It will be seen that the placing of the Volunteer Training Corps under the Volunteer Act will by a stroke of the pen add a quarter of a million troops, organized in platoons, companies, battalions, and very soon, we trust, in brigades, to the forces of the Crown and of the nation. That is no inconsiderable addition, for we venture to say that, taking the average of the Volunteer Training Corps, they are quite up to the standard of the final reserve units in many Continental armies. A certain number of men of military age who, though they could not pass the doctor for service abroad, are physically quite competent to fight a campaign in these islands have become Volunteers, and there are also a certain number who, though regarded as "indispensable," are willing and eager to learn combatant work in case of invasion, when indispensa- bility will of course attach to the firing line. The vast majority of the members of the Volunteer Training Corps, however, are men between forty and fifty-five. As many of the corps have been in existence for over a year, their efficiency in the matter of drill is often remarkable. The shooting also in many cases is distinctly good, while the high average of intelligence is an asset of no small importance. There are many Volunteer Training Corps units in which not merely the majority, but one might almost say all the members are men who on the grounds of character, sense of responsibility, and mental capacity generally could be made non-commissioned officers.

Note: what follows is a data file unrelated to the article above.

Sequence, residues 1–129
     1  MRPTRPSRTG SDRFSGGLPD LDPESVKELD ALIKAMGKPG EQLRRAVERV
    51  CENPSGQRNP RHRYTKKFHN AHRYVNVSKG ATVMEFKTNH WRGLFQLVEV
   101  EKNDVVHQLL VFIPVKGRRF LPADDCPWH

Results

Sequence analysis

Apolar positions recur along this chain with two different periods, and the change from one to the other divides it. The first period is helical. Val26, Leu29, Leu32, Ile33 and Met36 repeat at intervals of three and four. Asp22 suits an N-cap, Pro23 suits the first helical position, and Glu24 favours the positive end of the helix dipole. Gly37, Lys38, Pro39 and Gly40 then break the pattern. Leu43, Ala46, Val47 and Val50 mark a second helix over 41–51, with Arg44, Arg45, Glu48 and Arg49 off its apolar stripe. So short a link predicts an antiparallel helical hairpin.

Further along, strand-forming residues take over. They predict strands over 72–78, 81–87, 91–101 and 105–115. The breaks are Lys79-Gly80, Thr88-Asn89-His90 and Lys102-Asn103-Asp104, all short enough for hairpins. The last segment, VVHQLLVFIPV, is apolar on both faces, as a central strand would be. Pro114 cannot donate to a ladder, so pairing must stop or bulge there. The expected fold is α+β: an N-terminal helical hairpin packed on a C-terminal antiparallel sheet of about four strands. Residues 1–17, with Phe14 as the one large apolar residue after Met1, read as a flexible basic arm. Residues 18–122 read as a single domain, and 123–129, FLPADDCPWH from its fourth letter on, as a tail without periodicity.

By the nature of thia gs, however, the commissioned officers are apt to be the weak spot in Volunteer units. It is far more difficult to give orders than to obey them. An officer in a modern army is obliged to know a very great number of things which are not known to the ordinary man and cannot be arrived at by the exercise of common-sense alone. They have to be learnt just as has any other trade or profession, and a year is a very little time to learn them in if the learner is all the time exceedingly busy with some other piece of work. Yet, in spite of that, many of the Volunteer officers have made them- selves, all things considered, very fair officers. Thanks to the organizing power, sympathy, and fine military spirit shown by General Sir O'Moore Creagh, who has been the military colleague of Lord Desborough in raising the Volunteer Training Corps, the officers have received a training appro- priate to the work which they have to perform. Many men might have despaired of giving Volunteer Training Corps officers instruction in the time at their disposal and in the existing circumstances—circumstances where every man capable of giving military instruction seemed to be already employed. It is a striking proof of Sir O'Moore Creagh's powers as a soldier and an improviser of soldiers that he did not despair of his Volunteer republic, but a year ago set to work to organize what was in fact a humble Sandhurst and Staff College combined, at which Volunteer officers could learn their job. The result has been an unqualified success, and it has been extended for those who could not get to London or other centres to attend lectures, by a system of home training under competent instructors. Further, and this is a fact of great importance, Sir O'Moore Creagh, Lord Desborough, and their colleagues in the Execu- twe Committee, working with the Lords-Lieutenant and the County Committees and Commandants, have been able to secure retired General Officers and Colonels of the Regular or Territorial Forces to take command of the battalions and regiments, which are now in effect not regiments but brigades.. Speaking generally, the men who command at the top, and thus give tone to the Volunteer movement, are men of high military quality, who but for limitations of age would be in command abroad. It is sufficient evidence of the patriotism of our retired officers that you find so many men who, like Sir O'Moore Creagh himself—he was Commander-in-Chief in India till within some seven or eight months of the war—are willing to command Volunteers. They throw themselves into the work with the utmost enthusiasm, and; what is more with tact and sympathy. It is no doubt owing to this skilful leading at the top that there have been practi- cally no disciplinary troubles whatever in the Volunteer Training Corps movement. The Volunteers recognize that they are being led and organized by General Officers who know their work thoroughly, and thus inspire confidence in those whom they command. Taking them altogether, the Volunteer Corps are already a competent military force, and we do not doubt that when they come under the Volunteer Act their efficiency will be still further increased, and that the country will realize that our quarter of a million Volunteers must fairly be reckoned when we are computing the sacrifices made in this country and comparing them with those made by our Allies. And here we cannot refrain from referring to the reckless and factious way in which a section of our Press is representing us to foreign nations as unwilling to bear our just share of the burden of the war, and attempting to show that our military sacrifices have been grossly inadequate. Those who do this are very apt, in adding up the numbers of foreign armies, to include units which are not of any greater com- batant value than our Volunteer battalions, and are certainly no nearer to the firing line than will be those Volunteer units who at Easter will be learning how to man the trenches on our Eastern and Southern coasts.